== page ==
Today’s word is ‘reification’ — suggested by Sid Arthur of Northern India, via the Marxists’ use of the German word Verdinglichung: ‘thing making.’
This concept is at the hub of Western civilisation, Capitalism, and those mechanisms visible within Capitalist states to repel threats from within the system by subsuming those threats, commercialising them, removing their thorns, and flogging artificially-sweetened, carefully-smoothed, mass-produced versions (cf. Walter Benjamin’s The Work of Art in The Age of Mechanical Reproduction).
Naturally — we all do this, all the time, of course: the ability to conceptualise, codify, nominate have for centuries been the measure of both a society, and its individual members.
A reified thing is a thing made at once more of a thing, and less of a thing: it becomes an exemplar of the superset the reification ascribes it, a chain in a link of concepts, a neuron linked to the network of neurons that represent that concept in the brain. In so doing, the uniqueness of the reified thing becomes less relevant — in naming the thing, we use distinct attributes to define it, and inevitably use those attributes to spot further exemplars.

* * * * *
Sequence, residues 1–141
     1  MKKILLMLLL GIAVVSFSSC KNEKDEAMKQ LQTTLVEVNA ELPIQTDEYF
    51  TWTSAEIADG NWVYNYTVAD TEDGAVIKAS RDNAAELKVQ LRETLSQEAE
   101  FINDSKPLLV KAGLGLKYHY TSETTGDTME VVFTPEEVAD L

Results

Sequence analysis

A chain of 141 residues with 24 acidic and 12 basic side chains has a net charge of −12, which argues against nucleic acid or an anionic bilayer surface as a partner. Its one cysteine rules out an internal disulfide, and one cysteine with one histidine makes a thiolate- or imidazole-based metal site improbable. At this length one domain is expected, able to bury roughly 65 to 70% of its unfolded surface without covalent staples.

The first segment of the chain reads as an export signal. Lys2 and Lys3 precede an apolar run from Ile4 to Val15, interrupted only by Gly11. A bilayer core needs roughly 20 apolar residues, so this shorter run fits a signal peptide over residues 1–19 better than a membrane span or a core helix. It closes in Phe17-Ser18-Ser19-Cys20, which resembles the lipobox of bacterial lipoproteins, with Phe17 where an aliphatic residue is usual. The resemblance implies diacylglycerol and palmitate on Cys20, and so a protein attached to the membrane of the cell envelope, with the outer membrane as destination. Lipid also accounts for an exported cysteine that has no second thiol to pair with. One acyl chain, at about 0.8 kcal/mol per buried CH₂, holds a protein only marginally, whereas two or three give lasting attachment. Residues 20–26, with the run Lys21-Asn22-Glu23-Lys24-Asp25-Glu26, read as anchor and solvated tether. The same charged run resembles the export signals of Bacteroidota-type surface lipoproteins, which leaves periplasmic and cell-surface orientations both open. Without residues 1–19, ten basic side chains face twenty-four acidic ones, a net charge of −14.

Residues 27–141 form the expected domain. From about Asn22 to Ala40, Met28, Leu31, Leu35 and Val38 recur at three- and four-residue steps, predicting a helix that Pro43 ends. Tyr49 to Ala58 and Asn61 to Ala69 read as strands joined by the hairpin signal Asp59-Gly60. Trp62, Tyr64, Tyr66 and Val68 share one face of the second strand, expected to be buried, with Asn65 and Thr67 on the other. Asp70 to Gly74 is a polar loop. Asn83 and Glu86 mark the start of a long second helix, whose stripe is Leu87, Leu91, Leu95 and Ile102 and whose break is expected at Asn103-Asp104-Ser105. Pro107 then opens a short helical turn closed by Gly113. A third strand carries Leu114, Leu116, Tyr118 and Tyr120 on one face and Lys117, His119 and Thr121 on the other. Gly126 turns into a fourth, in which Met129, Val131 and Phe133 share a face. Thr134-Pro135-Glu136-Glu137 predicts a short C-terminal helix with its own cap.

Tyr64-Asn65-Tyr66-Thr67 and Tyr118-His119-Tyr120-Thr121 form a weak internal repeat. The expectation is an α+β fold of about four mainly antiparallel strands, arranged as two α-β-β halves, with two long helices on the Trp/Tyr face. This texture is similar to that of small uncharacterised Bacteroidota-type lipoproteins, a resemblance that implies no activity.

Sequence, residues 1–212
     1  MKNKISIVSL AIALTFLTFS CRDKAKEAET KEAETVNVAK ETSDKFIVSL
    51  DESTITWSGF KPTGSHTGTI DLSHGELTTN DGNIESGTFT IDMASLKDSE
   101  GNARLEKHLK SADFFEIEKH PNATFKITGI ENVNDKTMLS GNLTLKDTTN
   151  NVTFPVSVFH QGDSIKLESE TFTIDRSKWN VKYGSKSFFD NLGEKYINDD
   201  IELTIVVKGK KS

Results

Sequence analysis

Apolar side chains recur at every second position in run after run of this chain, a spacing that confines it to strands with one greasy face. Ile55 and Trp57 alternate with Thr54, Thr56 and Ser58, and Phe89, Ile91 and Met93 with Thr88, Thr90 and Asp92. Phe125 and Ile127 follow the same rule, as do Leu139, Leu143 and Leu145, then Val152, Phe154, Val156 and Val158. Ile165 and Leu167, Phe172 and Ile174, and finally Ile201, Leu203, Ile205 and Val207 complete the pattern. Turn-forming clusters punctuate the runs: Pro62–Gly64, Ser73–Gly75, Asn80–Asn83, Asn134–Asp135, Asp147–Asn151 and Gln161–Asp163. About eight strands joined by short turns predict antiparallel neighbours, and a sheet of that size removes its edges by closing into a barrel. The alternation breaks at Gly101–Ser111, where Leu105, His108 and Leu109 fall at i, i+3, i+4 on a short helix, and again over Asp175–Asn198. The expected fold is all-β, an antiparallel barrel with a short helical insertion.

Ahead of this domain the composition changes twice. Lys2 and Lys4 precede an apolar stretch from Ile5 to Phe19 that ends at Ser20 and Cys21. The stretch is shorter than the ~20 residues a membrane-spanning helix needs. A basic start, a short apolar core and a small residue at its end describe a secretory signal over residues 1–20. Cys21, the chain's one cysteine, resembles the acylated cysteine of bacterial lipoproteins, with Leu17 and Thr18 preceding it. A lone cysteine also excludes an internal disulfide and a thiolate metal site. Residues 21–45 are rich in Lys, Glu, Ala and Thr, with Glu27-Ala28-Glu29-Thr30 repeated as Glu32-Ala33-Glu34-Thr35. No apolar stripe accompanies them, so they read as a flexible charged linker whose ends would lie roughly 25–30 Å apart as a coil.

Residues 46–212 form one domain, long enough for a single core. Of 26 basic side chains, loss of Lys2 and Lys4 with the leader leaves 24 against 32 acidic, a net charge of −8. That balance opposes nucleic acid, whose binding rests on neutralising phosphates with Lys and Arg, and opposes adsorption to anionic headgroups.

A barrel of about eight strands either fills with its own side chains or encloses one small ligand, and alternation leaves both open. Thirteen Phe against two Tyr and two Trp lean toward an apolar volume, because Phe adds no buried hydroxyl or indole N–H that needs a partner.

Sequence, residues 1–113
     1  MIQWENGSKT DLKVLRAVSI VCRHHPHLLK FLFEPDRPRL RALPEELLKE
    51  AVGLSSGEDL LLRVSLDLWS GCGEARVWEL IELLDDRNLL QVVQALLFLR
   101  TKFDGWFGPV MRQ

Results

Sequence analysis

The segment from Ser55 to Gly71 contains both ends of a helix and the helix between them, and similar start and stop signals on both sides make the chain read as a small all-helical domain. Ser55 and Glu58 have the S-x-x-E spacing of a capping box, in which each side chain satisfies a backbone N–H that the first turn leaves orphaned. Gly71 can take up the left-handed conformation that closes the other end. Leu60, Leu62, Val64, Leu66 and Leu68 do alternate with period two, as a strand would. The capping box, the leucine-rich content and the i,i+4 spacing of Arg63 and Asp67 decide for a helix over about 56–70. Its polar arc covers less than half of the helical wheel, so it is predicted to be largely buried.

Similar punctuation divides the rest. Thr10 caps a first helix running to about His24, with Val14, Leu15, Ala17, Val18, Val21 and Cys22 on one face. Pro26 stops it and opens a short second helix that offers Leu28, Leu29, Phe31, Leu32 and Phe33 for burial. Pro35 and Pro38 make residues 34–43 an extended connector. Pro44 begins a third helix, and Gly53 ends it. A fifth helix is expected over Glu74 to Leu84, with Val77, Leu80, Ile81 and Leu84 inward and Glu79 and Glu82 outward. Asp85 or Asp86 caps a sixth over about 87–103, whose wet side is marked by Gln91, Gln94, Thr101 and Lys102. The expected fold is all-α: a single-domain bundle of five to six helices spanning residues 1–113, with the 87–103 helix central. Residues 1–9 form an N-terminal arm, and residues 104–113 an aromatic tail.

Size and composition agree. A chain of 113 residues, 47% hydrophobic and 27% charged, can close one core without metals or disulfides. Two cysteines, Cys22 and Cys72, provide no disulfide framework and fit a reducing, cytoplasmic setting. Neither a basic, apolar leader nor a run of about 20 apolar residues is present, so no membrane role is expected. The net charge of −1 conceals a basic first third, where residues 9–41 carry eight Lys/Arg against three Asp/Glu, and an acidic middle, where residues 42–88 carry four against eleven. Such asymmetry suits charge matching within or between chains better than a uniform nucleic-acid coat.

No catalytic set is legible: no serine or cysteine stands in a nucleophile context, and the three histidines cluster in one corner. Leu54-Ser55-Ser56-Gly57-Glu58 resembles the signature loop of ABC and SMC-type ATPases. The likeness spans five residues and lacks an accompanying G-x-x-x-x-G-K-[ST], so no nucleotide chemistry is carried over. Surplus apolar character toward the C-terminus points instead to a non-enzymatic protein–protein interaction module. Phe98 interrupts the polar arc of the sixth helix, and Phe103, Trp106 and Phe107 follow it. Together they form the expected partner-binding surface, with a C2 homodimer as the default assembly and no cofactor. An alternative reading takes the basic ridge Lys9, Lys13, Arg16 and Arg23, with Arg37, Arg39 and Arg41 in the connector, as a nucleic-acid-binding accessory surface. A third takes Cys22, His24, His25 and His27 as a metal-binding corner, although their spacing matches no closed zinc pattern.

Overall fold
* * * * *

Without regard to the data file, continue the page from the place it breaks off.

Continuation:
There are thousands of well-written accounts of reification and the materialisation of abstract ideals, usually for the detriment of those ideals, and although many of these reports, investigations, and experiments have themselves been subsumed by the system which they observed, it seems to me that the internet is bringing to the mainstream media the story of those who attempt to avoid reification, partially, temporarily, for a short time each day, or every day as the core of their life.
In a way, the ancient practices and teachings of Judaism are living on through the Vipassana, Mindfulness, Buddhist stuff of the past few years — but that’s just collected reification.
Reification of women by a male-dominated society that perceived the gender difference as a threat to their material, intellectual, and philosophical equilibrium. Viz, The Sex Symbol.
Other favourites, to cf with Focault’s description of ‘reverse discourse’: The Jew, The Homo, The Black, The Paki, The Scotsman, The Taff, The City Gent.
See also: objectification.